Because your generosity gives life to the Woonasquatucket River Watershed Council, we invite you to dedicate a fish to help us continue to create a healthy river where all living things can enjoy clean water, green trees, fresh air, and a sustainable future.
Put your name–or the name of an inspirational person, organization, or idea–on a beautiful stainless steel River Herring displayed alongside the fish passages at Johnston’s Manton Pond and Providence’s Riverside Park. The Woonasquatucket River Greenway’s multi-use trail runs along both fish passages, so your dedication will be visible to inspire thousands of walkers, runners, cyclists, and other visitors.
Your River Herring dedications demonstrate your love for the Woonasquatucket River Watershed and our shared belief that all of us, swimming together, can manifest the vision of a clean Woonasquatucket River and thriving Greenway for all to lead healthy lives.
All proceeds from your fish dedications directly support our shared commitment to preserve and improve the Woonasquatucket River Greenway.
Fish sizes and prices:
Where will my fish be located? You may choose to place your fish on the fish passages at Manton Pond in Johnson or in Riverside Park in Providence. When you complete the fish order form, just choose your preferred location.
What is a fish passage? A fish passage, fishway, or fish ladder is a structure on or around barriers (like dams) to help fish migrate up and down waterways. We have built fish passages at each of the first five dams on the Woonasquatucket River. Currently, the fish can swim up to the Lyman Mill Dam in Johnston. Our ultimate goal is to open the way for fish to return to Georgiaville Pond in Smithfield.
What and where is the the Manton Pond Fish Passage? The Manton Pond Dam Nature-Like Fishway is along the Woonasquatucket River Greenway multi-use trail in Johnston, RI, 5/8 of a mile upriver from Dyerville and 4-1/2 miles up river from the mouth of the Woonasquatucket. Above this dam, Manton Pond provides an excellent spawning habitat for fish such as shad that prefer pools. In 2017, the Woonasquatucket River Watershed Council completed our first nature-like fishway at this site. It is a series of pools and weirs in a concrete channel that looks like a stream to the fish. It is also very easy to observe the fish as they swim into the pools in this fishway. Over the years, we have observed many herring as they crossed this fishway on the lower river to new spawning grounds in Manton Pond.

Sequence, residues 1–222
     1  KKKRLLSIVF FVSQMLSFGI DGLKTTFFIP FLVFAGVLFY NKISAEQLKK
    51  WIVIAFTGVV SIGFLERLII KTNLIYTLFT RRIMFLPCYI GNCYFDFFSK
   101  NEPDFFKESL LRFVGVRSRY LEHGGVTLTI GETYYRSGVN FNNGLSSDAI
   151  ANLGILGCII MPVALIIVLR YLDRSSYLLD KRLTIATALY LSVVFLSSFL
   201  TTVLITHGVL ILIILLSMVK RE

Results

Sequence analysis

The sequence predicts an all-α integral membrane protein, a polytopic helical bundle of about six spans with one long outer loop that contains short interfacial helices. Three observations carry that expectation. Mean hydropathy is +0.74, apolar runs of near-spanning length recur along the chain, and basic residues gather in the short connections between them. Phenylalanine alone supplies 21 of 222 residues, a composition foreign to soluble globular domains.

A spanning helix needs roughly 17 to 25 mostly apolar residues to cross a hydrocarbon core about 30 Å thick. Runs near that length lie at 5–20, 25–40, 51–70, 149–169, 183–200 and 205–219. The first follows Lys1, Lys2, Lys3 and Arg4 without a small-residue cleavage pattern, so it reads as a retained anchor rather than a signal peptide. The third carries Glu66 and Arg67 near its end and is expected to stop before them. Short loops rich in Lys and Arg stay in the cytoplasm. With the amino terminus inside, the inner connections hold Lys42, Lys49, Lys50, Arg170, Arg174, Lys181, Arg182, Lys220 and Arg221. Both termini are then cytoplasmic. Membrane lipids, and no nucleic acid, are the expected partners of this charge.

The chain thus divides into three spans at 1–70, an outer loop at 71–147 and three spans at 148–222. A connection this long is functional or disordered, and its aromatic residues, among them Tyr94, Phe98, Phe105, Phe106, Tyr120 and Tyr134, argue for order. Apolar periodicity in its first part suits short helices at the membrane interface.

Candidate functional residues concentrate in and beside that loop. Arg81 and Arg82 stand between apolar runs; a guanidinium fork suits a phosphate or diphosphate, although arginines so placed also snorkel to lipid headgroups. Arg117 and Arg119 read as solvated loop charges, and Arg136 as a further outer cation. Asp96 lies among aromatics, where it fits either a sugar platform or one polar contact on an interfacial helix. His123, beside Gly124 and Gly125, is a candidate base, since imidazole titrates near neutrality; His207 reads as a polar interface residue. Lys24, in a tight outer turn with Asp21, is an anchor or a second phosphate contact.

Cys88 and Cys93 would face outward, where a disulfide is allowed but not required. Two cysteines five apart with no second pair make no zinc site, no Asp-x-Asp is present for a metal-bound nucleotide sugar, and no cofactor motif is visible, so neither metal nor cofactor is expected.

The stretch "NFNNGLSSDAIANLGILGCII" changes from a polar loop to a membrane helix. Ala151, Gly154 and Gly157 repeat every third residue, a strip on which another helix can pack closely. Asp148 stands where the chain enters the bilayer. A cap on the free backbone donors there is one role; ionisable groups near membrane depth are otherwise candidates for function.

Funds raised from dedicated fish at the Manton Pond Fish Passage will support improvements in this beautiful wooded area, including an outdoor classroom to support our environmental education programs. The Woonasquatucket River Rangers are also building a nature-based stormwater capture and treatment system to slow floodwater and pollution from entering the Woonasquatucket River–this provides protection and beautification.
What and where is the the Riverside Park Fish Passage? Riverside Park, on Aleppo Street in Providence, was once the site of Riverside Mills, a textile manufacturer. Riverside Park was our first major restoration project and remains a showcase for our “Nature at Work” green infrastructure installations, as well as amenities such as the Red Shed (home to our bicycle programs). The Riverside Park fish passage features a grate directly above the fishway. Visitors can walk and look down into this fish passage to see how it actually works.
Funds raised from dedicated fish at the Riverside Park Fish Passage will help support ongoing restoration and improvements along the Woonasquatucket River Greenway, including removal of invasive plants and trees, extensions of pollinator meadows, and ongoing green infrastructure installation to manage stormwater and pollution.
Can I check out the stainless steel fish now? Yes! We currently have these fish–designed by artist Jason Tranchida–installed at the Riverside Fish ladder. We will be working with artist Warren Collins to install a similar fish display at the Manton Pond Fish Passage.
What message can I put on the fish? We suggest you limit your message to 80 characters (though if you need a few more, we will make it work). Here are some examples of messages on the first group of fish that will be installed:
Jason and Warren will engrave and install fish in batches. When you place your fish order, we will be in touch to let you know when to expect your fish to appear along the river.
What if I have more questions? Please ask us! You can contact WRWC Development and Communications director Jill Davidson via email or give us a call at 401-861-9046.
I'm ready to order my fish!